RÍO SAN JUAN – Nicaraguan soldiers are back at their outpost on Isla Calero, less than one week after Security Minister José María Tijerino announced they were gone. Over the weekend, The Tico Times observed several armed, camouflaged soldiers located on the south side of the Río San Juan on the disputed strip of land known as Isla Calero.
The white and blue Nicaraguan flag, which was absent from the photos produced by the Security Ministry last week, is again waving high on the south side of the river.
The Nicaraguan outpost on the south side of the Río San Juan consists of three small houses that face the river, and is occupied by several soldiers. More soldiers are also present in a small white house further east of the larger outpost. Between the houses, soldiers with binoculars monitor traffic from several wooded, makeshift watchtowers overlooking the river.
Last week, after conducting flyovers of the river and Isla Calero on Jan. 29 and Jan. 31, Tijerino, flanked by Foreign Minister René Castro, announced that the Nicaraguan soldiers were no longer present on the Isla Calero. Despite the soldiers’ absence, both Tijerino and Castro alluded to their possible return.
“[The absence of troops] does not necessarily mean that Nicaragua has abandoned the area. It could mean that the forces are hidden,” Tijerino said. “On previous occasions they have come and gone… and this does not guarantee that it is safe for Costa Ricans to return to navigate the river region.”
Over the weekend, the river was heavily manned by troops, primarily near the dredging project on the Nicaraguan side of the river just west of Isla Calero. The dredging project there has completed cutting a broad canal through a curved piece of land in Nicaraguan territory. The canal, which is about 50 meters wide, offers a more direct route in an area of the river that is exceedingly windy.
And while the dredging continues as planned, anticipation is growing in the small towns along the river for the tourism boom that is expected to accompany a more navigable river. In San Juan del Nicaragua, located where the river meets the Caribbean, heavy construction is underway on a new airstrip and some small flights have begun arriving to the area. San Juan del Nicaragua is expected to be the entry point for tourists traveling the “Route of Water” along the Río San Juan to the Ometepe Islands in Lake Nicaragua.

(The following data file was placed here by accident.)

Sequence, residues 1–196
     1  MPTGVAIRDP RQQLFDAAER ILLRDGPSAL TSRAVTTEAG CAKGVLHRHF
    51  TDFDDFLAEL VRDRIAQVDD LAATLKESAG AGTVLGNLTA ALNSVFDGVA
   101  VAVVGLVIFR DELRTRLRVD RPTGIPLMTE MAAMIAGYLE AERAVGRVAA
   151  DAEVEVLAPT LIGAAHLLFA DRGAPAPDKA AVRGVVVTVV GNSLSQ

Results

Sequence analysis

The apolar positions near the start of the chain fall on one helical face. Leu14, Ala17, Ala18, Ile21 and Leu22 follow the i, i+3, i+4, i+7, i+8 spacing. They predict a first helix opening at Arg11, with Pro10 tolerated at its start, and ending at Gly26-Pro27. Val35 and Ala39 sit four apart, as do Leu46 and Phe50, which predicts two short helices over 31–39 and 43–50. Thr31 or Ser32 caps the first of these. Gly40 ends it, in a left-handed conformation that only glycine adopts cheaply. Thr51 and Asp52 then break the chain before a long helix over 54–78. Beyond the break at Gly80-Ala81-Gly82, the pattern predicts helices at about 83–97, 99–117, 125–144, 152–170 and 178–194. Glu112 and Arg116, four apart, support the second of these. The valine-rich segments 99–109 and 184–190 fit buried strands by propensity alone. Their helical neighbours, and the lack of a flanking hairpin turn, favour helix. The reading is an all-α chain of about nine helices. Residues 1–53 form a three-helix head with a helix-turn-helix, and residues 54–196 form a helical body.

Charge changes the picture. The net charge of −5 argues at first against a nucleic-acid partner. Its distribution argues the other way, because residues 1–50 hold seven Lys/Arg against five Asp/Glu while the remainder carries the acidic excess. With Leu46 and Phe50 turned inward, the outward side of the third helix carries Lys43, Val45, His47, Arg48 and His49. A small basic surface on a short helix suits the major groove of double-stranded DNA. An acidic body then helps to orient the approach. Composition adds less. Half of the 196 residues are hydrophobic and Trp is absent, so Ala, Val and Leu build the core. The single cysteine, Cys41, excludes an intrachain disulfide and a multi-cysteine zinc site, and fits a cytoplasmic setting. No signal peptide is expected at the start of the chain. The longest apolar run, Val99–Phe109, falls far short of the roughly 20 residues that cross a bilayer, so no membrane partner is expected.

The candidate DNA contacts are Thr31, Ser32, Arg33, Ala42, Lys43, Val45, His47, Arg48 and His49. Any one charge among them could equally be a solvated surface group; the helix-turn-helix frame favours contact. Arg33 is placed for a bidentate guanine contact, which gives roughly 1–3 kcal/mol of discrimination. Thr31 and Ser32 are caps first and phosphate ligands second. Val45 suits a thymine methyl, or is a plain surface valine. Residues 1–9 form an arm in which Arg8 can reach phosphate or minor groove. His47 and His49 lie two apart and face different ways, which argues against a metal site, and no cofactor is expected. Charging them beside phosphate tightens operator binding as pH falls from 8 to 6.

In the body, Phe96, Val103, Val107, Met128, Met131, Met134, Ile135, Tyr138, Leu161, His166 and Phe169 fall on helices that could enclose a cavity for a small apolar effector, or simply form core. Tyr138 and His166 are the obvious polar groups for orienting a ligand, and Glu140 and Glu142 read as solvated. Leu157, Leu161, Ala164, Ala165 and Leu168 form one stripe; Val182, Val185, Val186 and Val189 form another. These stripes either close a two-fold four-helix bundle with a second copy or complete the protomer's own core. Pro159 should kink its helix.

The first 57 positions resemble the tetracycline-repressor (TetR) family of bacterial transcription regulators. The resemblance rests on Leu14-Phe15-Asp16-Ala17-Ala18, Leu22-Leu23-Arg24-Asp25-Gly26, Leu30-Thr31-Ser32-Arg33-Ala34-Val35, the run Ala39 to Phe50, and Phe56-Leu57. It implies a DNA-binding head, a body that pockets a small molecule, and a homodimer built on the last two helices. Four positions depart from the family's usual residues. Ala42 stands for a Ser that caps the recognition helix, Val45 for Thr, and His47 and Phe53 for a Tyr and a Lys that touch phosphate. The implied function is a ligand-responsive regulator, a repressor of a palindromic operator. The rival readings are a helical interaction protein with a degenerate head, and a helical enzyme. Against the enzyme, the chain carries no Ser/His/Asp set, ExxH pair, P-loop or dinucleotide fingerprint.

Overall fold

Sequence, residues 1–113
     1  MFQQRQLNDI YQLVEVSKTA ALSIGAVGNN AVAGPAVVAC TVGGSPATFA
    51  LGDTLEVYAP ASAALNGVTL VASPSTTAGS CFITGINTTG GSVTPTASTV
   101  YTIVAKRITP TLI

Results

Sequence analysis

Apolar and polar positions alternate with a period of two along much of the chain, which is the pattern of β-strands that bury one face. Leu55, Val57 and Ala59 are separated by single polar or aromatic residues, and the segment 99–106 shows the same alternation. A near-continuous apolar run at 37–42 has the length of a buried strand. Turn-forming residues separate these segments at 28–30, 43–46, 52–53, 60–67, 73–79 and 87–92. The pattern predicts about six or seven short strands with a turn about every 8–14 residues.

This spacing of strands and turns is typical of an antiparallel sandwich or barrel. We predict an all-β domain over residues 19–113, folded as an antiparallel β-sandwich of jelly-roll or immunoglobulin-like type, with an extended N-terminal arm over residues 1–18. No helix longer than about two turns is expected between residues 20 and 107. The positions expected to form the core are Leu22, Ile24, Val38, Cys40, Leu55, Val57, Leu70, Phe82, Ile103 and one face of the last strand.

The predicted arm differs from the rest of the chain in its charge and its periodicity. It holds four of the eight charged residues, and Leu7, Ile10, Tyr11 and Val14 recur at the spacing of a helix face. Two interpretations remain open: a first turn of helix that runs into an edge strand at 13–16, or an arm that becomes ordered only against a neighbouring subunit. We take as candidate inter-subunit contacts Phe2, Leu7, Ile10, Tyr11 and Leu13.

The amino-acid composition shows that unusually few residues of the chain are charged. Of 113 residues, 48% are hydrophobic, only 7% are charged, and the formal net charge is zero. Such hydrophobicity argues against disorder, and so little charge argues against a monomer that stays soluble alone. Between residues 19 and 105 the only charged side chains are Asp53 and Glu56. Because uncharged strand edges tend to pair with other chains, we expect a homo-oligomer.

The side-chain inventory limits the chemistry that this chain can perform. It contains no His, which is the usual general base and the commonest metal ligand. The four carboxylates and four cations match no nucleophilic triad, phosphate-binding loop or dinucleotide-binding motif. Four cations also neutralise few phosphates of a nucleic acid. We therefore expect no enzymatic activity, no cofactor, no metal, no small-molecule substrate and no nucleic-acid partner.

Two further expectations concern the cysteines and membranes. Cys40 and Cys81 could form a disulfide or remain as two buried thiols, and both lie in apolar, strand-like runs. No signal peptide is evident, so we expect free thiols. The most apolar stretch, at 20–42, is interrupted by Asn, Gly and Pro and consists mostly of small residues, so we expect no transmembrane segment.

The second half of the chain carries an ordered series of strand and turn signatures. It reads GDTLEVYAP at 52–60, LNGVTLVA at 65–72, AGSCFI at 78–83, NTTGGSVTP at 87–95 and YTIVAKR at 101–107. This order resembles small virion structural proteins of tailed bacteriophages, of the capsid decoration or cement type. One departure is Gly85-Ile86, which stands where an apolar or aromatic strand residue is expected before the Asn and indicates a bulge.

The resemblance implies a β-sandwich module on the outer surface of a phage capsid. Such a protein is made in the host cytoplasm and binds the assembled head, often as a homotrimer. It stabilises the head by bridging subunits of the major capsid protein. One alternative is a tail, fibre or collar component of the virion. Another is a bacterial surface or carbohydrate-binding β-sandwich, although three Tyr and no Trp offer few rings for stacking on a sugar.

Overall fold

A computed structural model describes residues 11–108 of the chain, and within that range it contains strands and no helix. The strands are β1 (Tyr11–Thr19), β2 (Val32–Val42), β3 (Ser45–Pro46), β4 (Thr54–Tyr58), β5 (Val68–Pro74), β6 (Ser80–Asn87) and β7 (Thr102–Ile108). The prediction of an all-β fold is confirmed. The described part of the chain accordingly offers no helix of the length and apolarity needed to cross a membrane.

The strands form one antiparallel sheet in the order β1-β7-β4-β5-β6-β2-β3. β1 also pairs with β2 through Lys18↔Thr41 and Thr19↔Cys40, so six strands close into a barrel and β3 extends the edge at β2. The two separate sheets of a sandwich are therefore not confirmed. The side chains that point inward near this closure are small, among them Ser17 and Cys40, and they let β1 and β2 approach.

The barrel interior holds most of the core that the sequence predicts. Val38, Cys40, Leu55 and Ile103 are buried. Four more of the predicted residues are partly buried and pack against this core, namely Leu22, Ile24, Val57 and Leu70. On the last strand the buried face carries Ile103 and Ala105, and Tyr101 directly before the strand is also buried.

Excitement at the prospect of boosted tourism has spread along the Nicaraguan side of the river. In the tiny, impoverished river towns, residents watch from raised wooden shacks as long cargo boats with construction and utility materials float past.
“We are very content with the progress of the dredging,” said Cario Sánchez, a resident of El Jovo, a small Nicaraguan river town with about 60 residents. “We want people to come and visit and see how we live. We have lots of fruits and natural products to sell, as well as beautiful, untouched jungle to share with people. We want to show this town to all kinds of tourists; North Americans, Asians, Europeans, anybody.”
Despite the optimistic outlook, people here remain wary of the possible collapse of tourism plans should the International Court of Justice rule in favor of Costa Rica against Nicaragua in the pending case at The Hague, the Netherlands.
“The whole issue is exaggerated,” Sánchez said. “We don’t have any problem with Costa Ricans and they don’t have any problems with us. All we hope is that the case in The Hague provides a peaceful resolution for both countries, and that it doesn’t stop tourism from developing along the river.”